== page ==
The draft spends dozens of paragraphs describing the problems the environment faces, in terms and with examples that generally coincide with those we find in the fund-raising literature of environmental organizations. The document acknowledges: “On many concrete matters, the Church has no reason to propose a definitive word, and understands that she must listen to and promote honest conversation among the experts, respecting the diversity of opinion.” But the Church herself is, in the words of Benedict XVI (himself quoting Paul VI??) “an expert in humanity.”The draft warns against divinizing the earth, “leveling all living beings and taking from the human that unique value that at the same time implies a tremendous responsibility.” In the fourth chapter, the document calls for an “integral ecology”: environmental, economic and social. That last point becomes the most crucial. Everything is ordered to the human person. Lack of housing, inadequate public space, the dissolution of the natural family. “Human ecology also implies something very profound: the necessary relationship of the life of the human being with the moral law written his in very nature, a relationship that is indispensable for being able to create a more dignified environment.”
Whether or to what extent human activity is responsible for some of the environmental changes that we are witnessing (things like the tree line of certain species climbing north as their former habitats become too hot or wet or dry, or changes in plumage and migration for certain birds), it is clear that human activity is to blame for the changes in amphibians and fish subjected to wastewater that retains estrogen from birth control pills.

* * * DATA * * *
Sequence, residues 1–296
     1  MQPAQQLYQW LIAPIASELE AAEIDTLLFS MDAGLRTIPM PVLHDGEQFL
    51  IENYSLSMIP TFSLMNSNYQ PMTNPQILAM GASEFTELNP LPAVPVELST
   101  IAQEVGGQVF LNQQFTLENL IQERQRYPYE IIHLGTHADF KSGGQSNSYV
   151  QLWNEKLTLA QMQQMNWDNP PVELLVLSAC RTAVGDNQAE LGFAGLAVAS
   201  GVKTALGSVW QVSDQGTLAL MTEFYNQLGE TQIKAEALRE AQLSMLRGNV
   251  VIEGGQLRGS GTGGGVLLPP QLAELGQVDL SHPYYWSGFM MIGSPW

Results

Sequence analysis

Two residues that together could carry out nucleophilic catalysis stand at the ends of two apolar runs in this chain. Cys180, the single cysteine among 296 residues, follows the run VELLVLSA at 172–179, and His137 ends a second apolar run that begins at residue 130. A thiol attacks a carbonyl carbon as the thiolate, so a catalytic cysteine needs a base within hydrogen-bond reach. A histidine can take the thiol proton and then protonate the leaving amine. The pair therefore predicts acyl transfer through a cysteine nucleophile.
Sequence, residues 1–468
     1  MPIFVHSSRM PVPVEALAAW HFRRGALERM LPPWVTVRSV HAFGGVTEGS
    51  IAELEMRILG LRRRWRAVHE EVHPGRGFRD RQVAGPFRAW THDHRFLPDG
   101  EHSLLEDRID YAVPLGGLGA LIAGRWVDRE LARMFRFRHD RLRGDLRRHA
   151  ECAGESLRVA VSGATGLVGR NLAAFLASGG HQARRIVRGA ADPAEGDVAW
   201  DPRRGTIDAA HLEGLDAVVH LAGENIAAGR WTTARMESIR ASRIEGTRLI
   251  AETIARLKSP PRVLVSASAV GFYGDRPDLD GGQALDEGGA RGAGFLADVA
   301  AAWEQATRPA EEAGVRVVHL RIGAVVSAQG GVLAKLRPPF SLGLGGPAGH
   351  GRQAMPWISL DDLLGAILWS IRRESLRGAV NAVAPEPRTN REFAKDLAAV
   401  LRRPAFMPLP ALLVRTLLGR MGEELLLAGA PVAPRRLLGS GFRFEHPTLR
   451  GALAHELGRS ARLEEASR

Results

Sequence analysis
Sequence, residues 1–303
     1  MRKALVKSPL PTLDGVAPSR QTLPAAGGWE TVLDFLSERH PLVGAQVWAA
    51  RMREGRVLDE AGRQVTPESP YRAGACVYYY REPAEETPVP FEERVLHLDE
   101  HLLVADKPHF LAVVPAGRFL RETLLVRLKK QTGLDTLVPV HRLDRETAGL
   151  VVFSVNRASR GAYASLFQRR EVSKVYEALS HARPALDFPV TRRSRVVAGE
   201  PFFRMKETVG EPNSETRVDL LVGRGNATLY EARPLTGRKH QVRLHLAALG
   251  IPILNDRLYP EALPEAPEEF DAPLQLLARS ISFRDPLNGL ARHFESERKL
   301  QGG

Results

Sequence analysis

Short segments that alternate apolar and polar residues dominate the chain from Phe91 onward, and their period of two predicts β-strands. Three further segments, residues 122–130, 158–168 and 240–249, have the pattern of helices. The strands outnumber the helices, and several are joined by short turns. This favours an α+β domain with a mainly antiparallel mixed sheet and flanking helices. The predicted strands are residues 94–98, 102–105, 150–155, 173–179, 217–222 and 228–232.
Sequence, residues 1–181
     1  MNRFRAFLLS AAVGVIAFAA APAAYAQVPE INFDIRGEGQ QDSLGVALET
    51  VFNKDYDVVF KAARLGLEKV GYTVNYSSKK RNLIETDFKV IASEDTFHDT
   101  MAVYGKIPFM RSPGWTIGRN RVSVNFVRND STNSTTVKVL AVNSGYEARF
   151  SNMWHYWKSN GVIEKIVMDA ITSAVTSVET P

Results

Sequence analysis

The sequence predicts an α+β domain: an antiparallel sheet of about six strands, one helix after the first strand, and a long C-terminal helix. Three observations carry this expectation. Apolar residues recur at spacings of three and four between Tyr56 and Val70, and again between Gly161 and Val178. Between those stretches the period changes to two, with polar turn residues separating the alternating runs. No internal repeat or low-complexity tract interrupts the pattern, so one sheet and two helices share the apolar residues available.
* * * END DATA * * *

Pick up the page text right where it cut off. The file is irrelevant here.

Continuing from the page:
And there is always the warning “follow the money”: who stands to gain financially if climate change can be ignored or blamed entirely on the planet itself? Who stands to gain financially (or politically) if the responsibility can be placed tout court on human influence?
Admittedly, I have a powerful personal motivation for desiring to see climate change slow down, if there is anything at all that can be done: my family’s roots go back 300 years in one of the most threatened cities on the planet. Some estimates give New Orleans about twenty years before it becomes part of a growing Gulf of Mexico (and shrinking State of Louisiana, which loses a football field’s worth of coastland every hour).
If there is even a 5% chance that this could be slowed down, I would pray we would take it. Pope Francis writes from a similar point of view: the poor of the world live in the most threatened spots. My family has the resources to pick up and move elsewhere (but where?); that is not even a remote possibility for the poor in the south of the world.
I look at the question of human responsibility for climate change as a kind of Paschal’s wager: If humans are responsible for some proportion of climate change, it behooves us to alter what we can in order to preserve the environment. If we are not, what do we lose by attempting to rein in those things that are clearly not good for the environment?
This is a long (draft) document, and one which merits to be read in its entirety–when the official version is released.
Sister Anne Flanagan, a Daughter of St Paul, a native of New Orleans, is author of Five Keys to Understanding Pope Francis. She has also recorded over two dozen albums as a soprano in the Daughters of St Paul choir. Follow her on Twitter @nunblogger. She blogs at Nun Blog.